Chicken Come Home to Roost
Surely, I thought, some awful visitation will descend upon them. Perhaps another Great Depression was in store for us. After a while I figured ‘the awful visitation’ that was waiting to happen, while inevitable, wasn’t just around the corner, so I stopped waiting and settled in to have a family. Then 2009 Great Recession came along. Wow, I thought, are the chickens coming home to roost? Perhaps the ‘awful visitation’ is now in progress.
Naturally, not knowing the deeper causes, like having a proper sense of awe, folks seek out scapegoats. In this case, the corporations and banks appear to fit the bill on the left, and government and taxes fit the bill on the right. Of course, the banks had a hand in the Great Recession of 2009. However, the laissez-faire government oversight was the ultimate cause, and whom can we ultimately hold responsible for the government? In the end, the people from whom the government takes its shape, especially in a democracy! More over, the fact that only half the population usually bothers to vote puts the responsibility even more in our (we the people) laps (2). Put simply, it is not the corporation’s fault, bank’s fault, government’s fault, taxes’ fault… it is our fault—those who vote as well as those who don’t. Of course, we will never hear that mea culpa will we? It is so much easier to ‘cast stones’.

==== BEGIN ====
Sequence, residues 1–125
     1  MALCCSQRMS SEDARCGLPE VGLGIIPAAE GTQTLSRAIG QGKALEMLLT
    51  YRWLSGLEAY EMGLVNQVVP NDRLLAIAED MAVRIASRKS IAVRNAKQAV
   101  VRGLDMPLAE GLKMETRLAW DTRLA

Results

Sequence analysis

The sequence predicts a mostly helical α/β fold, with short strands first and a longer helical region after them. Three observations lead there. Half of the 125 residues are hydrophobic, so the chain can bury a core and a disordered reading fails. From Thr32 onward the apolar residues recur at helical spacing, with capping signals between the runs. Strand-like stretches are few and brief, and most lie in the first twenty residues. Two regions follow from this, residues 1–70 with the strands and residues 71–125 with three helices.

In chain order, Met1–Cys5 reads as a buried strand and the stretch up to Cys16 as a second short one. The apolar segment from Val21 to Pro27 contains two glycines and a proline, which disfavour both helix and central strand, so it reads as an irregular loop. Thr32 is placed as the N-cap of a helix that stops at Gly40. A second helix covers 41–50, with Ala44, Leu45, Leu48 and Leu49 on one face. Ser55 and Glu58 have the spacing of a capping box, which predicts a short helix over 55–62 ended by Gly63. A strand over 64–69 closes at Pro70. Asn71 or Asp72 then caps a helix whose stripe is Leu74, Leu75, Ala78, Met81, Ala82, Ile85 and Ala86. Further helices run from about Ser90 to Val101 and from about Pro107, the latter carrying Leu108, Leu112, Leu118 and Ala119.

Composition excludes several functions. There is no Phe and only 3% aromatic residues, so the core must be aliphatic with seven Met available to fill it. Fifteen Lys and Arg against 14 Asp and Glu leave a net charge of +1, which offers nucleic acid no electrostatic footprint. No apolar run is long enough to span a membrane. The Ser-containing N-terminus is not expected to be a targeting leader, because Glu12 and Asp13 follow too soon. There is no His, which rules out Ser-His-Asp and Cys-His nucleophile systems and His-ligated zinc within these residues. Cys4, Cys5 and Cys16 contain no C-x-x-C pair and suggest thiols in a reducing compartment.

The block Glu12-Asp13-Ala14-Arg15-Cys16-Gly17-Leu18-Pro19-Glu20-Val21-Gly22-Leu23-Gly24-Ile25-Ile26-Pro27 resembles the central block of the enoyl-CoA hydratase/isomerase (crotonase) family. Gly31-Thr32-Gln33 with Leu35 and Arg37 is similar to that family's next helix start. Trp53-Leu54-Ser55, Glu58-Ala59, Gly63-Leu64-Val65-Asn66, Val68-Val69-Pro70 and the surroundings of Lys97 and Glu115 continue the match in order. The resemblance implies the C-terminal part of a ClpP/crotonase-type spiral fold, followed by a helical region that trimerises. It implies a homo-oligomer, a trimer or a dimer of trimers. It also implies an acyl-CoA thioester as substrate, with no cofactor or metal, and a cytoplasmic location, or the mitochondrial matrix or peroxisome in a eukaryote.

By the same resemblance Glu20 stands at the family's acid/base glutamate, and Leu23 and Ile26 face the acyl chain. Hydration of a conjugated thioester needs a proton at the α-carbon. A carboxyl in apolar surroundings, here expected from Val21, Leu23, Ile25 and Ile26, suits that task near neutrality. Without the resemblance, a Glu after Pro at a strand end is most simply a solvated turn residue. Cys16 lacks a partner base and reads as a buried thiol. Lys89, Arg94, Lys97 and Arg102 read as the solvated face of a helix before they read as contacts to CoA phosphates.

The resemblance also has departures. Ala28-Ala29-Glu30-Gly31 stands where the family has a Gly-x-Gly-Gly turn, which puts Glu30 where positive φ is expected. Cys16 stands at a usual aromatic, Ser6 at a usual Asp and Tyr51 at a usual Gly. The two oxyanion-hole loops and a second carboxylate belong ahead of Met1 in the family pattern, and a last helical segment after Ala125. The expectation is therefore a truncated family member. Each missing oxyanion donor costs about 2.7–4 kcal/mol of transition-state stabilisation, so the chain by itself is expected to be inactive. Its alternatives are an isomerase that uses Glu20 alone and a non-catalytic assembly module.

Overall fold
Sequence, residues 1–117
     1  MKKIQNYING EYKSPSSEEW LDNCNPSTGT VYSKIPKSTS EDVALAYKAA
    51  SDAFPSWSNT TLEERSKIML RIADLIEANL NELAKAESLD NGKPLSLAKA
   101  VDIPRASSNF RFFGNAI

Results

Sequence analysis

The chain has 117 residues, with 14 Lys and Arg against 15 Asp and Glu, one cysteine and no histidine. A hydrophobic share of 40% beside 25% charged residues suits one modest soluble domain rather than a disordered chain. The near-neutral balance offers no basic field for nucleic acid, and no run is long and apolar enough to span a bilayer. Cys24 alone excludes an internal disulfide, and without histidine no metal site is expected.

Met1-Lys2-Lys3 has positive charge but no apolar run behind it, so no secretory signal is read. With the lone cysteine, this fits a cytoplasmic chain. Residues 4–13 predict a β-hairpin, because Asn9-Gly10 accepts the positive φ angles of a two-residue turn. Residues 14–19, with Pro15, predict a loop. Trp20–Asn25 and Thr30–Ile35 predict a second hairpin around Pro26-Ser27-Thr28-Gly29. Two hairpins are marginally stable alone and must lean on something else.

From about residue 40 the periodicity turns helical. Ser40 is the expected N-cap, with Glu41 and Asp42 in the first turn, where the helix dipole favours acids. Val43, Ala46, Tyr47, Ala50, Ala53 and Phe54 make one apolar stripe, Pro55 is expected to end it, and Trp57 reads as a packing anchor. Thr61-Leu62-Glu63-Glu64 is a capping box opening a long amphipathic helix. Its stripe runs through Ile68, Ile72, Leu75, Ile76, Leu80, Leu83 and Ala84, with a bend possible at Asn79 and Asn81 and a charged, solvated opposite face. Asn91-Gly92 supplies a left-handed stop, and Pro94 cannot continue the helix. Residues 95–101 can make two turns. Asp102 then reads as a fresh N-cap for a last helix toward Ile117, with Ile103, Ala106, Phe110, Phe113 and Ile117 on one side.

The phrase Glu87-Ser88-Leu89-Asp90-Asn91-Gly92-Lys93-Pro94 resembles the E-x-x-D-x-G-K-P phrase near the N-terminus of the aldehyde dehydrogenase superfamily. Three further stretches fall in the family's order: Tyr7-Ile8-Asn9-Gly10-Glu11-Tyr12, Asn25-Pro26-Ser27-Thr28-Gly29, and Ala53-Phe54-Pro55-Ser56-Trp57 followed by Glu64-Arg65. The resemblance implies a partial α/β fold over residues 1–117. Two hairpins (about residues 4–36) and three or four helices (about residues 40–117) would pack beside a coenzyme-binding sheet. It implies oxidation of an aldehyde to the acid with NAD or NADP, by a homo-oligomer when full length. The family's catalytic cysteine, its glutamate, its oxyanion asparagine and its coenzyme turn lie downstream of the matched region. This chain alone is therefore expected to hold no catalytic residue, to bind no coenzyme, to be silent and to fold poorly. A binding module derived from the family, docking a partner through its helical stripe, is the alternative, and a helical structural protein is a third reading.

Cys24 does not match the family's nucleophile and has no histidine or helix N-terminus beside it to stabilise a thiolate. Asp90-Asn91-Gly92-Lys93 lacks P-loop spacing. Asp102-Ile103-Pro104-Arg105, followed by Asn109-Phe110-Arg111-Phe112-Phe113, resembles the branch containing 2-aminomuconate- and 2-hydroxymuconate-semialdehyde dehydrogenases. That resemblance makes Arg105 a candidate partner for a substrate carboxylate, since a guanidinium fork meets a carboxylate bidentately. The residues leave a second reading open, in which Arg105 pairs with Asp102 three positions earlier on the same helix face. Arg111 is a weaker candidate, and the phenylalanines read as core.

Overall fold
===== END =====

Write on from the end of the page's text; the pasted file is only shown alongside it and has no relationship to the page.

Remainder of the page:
There is also the fundamental ignorance of the role banks and corporations play in our lives. They are the engines of prosperity. So, ironically, these engines are the source of the drug of prosperity we crave. Do you see the problem—the conundrum? People are condemning the very thing on which they have become so dependent. The same is true for much of the scapegoat rhetoric of the ‘Tea Party’ faction. They rail against Tarp, without which world economy may well have totally collapsed. The irony here is that most banks have paid back the Tarp fund, with the government actually coming out $billions ahead (a big part of the outstanding debt lies with the governmental controlled institutions of Fannie Mae and Freddie Mac. In fact, these two still need and will receive billions).